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Is Your Personality Making You Fat?

posted: 05/07/15
by: Mara Betsch
personality weight gain
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Your personality affects how you lose (and gain) weight.
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Can't seem to move the needle on the scale? Your personality may be to blame.

According to a recent study, your personality traits may greatly affect your eating habits. How, you ask? To determine this, researchers sent out three different questionnaires, one on personality, one on eating habits, and one on food choices to a random group of Swiss men and women. After taking out subjects who turned in incomplete responses, the researchers analyzed data from nearly a thousand participants. In particular, they focused on five traits -- openness, conscientiousness, extroversion, agreeableness, and neuroticism -- and how they helped define our eating habits.

Unfortunately for extroverts, a larger-than-life personality may prove to be a dieter's Achilles heel. Greatly influenced by external factors like presentation and taste, extroverts were found to consume more meat, sweet foods, savory foods, and sugar-sweetened drinks, potentially because their active social lives keep them out of the house, and often in restaurants.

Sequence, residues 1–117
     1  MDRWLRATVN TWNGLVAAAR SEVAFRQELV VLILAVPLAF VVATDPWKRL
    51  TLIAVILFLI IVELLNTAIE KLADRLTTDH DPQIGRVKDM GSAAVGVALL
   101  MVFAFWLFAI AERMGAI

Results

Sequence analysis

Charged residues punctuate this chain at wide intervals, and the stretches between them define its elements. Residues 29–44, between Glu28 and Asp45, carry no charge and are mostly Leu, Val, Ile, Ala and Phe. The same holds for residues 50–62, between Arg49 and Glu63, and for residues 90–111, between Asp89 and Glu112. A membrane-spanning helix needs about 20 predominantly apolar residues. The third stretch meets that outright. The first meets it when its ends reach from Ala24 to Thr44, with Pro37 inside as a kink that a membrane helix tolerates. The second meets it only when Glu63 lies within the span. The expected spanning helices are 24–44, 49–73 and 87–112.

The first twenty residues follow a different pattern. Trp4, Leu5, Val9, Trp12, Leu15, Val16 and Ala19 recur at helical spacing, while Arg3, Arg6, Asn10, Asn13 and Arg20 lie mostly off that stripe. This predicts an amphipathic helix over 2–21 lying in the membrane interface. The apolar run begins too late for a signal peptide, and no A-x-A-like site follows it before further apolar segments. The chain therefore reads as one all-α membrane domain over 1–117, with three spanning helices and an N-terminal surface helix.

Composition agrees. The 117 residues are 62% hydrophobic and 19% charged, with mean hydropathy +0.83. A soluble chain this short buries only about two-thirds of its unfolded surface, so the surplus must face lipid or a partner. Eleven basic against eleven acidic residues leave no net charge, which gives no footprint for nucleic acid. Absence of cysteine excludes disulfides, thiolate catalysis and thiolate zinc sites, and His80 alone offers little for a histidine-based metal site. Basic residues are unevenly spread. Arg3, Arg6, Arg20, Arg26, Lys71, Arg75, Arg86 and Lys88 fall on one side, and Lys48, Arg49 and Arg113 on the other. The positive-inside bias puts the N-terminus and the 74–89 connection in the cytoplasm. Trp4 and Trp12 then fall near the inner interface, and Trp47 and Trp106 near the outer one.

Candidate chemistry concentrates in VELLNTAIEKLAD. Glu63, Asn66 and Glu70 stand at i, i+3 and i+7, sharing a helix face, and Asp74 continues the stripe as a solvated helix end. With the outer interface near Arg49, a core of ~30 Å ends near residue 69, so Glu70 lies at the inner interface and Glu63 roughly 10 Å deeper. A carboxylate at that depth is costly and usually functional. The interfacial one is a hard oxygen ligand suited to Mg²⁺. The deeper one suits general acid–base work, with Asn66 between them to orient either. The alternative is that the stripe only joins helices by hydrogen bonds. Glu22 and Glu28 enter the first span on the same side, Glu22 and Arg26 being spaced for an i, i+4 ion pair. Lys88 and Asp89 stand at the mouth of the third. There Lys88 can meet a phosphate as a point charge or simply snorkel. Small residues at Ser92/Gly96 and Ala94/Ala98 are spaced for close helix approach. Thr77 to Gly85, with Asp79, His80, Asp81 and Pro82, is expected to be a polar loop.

But that wasn't the only correlation they found. Being open was associated with a higher intake of veggies, high agreeableness correlated with low meat consumption, neuroticism correlated with an increased amount of sweet and savory foods (unsurprisingly, they practiced emotional eating), and, of course, conscientiousness was associated with restrained eating and a lower consumption of sweet and savory foods.

The bottom line: Certain characteristics could be risk factors for an unhealthy diet.

Dieting, it turns out, may be less about counting calories and logging gym time than keeping your emotions in check and teaching yourself self-control. Super easy, right? Just don't be surprised if you see more personality-based diets in the near future.